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Blood feuds in modern times

by The Concordian March 27, 2012
Blood feuds in modern times

The Forgiveness of Blood, Joshua Marston’s follow-up to 2004’s award-winning Maria Full of Grace, tells the story of an Albanian family under house arrest in the midst of a feud with another family. It isn’t as interesting as it sounds.
The main family delivers bread for money. To do so quickly, they make use of a road that runs through a large property they used to own. The land’s new owners would prefer they go around the property instead of through it and put up a fence.
In response, the trespassing family’s father and uncle return there and stab the fence-maker to death. The uncle is sent to prison, but the father goes into hiding. This sparks the feud, as the mourning family requires a male’s blood if the offender is not properly punished.
Rudina, the main family’s oldest sister, is forced to take on the bread delivery business despite her love of school, as males cannot leave the home because they fear getting killed by the neighbours in retribution for the uncle’s crime. Nik, the oldest brother, mopes around and pines over the girl he likes.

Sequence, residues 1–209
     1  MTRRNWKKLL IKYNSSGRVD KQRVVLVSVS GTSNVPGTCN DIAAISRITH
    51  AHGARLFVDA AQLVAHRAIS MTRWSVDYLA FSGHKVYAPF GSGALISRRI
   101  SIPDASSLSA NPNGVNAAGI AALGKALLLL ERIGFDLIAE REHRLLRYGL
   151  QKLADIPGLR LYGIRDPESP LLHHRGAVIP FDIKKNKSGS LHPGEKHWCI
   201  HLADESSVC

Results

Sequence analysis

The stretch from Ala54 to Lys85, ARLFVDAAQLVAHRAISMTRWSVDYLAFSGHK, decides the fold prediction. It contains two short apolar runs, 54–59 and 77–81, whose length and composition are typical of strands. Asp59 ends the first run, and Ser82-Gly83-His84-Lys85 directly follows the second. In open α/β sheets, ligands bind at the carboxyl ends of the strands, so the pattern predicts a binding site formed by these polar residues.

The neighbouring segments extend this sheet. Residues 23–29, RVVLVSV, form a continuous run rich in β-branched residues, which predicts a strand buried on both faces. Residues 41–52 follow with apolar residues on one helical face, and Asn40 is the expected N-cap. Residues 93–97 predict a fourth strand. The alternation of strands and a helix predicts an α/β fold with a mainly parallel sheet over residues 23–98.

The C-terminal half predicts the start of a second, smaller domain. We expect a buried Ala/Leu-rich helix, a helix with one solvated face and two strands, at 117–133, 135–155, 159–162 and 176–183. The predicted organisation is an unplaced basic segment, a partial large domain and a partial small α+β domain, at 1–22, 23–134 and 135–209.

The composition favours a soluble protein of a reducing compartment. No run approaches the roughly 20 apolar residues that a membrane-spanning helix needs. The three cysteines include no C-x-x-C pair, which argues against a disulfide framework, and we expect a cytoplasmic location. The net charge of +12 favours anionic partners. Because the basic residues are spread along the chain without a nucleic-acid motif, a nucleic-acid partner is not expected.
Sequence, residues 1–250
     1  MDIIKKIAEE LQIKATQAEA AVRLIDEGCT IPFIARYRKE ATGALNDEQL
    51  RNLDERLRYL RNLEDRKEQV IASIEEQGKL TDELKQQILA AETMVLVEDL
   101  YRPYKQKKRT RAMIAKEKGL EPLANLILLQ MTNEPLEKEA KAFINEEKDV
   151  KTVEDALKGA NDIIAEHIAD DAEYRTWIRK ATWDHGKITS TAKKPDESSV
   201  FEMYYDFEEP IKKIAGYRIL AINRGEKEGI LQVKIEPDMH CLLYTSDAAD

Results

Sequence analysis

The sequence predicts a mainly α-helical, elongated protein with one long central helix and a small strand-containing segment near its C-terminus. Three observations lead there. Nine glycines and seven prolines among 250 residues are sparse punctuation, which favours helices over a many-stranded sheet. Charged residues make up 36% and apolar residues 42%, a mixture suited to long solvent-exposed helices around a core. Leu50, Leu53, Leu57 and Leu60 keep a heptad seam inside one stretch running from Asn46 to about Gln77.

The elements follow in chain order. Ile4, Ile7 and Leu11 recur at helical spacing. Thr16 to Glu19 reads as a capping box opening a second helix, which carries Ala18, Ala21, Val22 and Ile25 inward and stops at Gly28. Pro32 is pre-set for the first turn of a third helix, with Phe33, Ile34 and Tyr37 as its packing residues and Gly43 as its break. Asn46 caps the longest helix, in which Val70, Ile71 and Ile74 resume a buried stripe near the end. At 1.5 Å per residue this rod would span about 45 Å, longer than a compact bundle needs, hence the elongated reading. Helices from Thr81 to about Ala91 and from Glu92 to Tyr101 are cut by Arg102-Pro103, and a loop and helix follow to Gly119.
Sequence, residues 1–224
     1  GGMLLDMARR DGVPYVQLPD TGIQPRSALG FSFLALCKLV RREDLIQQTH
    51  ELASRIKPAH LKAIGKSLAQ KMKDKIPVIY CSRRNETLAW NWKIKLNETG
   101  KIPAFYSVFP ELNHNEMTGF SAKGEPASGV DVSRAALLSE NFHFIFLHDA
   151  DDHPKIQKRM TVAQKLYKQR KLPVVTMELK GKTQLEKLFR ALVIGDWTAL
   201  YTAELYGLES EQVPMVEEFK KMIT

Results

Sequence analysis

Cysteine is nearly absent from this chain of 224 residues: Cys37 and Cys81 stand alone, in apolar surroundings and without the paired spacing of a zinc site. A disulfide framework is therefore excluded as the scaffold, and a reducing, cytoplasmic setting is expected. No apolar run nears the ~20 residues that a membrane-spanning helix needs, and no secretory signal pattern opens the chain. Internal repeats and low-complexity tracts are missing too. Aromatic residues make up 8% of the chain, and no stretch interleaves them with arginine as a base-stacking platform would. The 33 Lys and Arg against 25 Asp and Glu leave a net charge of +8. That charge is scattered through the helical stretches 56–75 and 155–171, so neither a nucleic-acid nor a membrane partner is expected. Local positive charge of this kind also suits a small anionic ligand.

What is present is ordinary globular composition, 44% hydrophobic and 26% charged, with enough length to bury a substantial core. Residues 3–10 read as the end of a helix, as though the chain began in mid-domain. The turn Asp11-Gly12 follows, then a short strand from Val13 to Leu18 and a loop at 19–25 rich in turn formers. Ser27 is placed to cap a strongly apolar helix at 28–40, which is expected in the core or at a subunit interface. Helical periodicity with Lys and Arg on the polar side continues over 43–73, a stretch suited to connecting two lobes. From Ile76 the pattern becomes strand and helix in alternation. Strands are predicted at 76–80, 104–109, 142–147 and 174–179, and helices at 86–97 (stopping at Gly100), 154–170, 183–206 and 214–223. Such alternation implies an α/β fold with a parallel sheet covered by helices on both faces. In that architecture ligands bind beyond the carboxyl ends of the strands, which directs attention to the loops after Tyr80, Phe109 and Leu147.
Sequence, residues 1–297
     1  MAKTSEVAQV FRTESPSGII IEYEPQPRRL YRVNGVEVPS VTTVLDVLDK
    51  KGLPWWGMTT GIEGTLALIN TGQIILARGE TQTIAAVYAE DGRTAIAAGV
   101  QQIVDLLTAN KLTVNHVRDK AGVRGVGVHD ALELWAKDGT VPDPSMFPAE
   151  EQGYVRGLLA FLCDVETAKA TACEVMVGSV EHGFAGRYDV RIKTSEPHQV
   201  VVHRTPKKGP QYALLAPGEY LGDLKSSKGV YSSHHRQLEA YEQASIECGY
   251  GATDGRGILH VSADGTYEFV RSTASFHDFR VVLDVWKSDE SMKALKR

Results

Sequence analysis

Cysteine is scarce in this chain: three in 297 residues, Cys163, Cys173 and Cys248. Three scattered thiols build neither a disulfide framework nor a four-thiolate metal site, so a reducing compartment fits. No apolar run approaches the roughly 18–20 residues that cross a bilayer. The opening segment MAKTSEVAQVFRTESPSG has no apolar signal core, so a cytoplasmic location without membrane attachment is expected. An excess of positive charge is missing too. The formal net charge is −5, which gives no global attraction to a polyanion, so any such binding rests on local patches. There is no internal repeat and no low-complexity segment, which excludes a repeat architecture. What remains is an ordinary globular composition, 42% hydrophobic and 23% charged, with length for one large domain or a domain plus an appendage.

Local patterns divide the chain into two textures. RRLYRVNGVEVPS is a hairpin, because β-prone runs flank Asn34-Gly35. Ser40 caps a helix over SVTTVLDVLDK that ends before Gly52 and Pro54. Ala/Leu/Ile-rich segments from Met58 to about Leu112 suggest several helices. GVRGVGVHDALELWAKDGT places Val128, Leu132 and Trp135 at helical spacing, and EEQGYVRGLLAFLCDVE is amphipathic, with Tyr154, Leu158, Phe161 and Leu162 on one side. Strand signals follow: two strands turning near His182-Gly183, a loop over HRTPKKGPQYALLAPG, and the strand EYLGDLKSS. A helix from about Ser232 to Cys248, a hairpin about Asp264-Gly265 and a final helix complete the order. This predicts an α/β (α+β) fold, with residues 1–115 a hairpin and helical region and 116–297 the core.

Rudina’s story is the most compelling, but there isn’t enough of it. The audience sees her bargain for cartons of cigarettes to start a side business, despite warnings that selling cigarettes is dangerous. But neither the danger nor her success or failure is shown afterward.
For a movie about feuds, there isn’t much feuding. Marston chooses to leave any violence and most direct conflict off camera. Without witnessing any of it, the audience can easily trivialize the supposed danger waiting outside. The film itself discredits the danger and allows Nik to sneak out of his house on more than one occasion without consequences.
The largest problem is the lack of exposition concerning the rules of the feud. Older characters make multiple references to the “Kanun” and to “Besa” without offering the audience a clear explanation as to what they are. This can be dangerous, as confusion easily disconnects a viewer from the experience.
There was ample opportunity in the 109-minute film to resolve this. Dren, the youngest brother, does not ask any questions. It is unconvincing that a five-year-old child would remain locked inside a house without wondering why. Maybe silent obedience is part of the culture, but that is also left unclear.
Despite its contextual flaws, the film is still watchable. An indeterminate amount of time passes during the quick cuts between quiet scenes of the family going about their business, which helps make the movie feel more like watching moments of their real lives than a script. Thanks mostly to the gorgeous Albanian countryside, the film includes plenty of beautiful organic shots in warm colours with lots of natural light.
Overall, The Forgiveness of Blood lacks the information necessary to make it a social commentary film, but also lacks the conflict to make it a family drama. Not very much happens, and with such a compelling central idea, the audience is left wondering why Marston chose to tell it this way.

The Forgiveness of Blood comes out April 6 at AMC.

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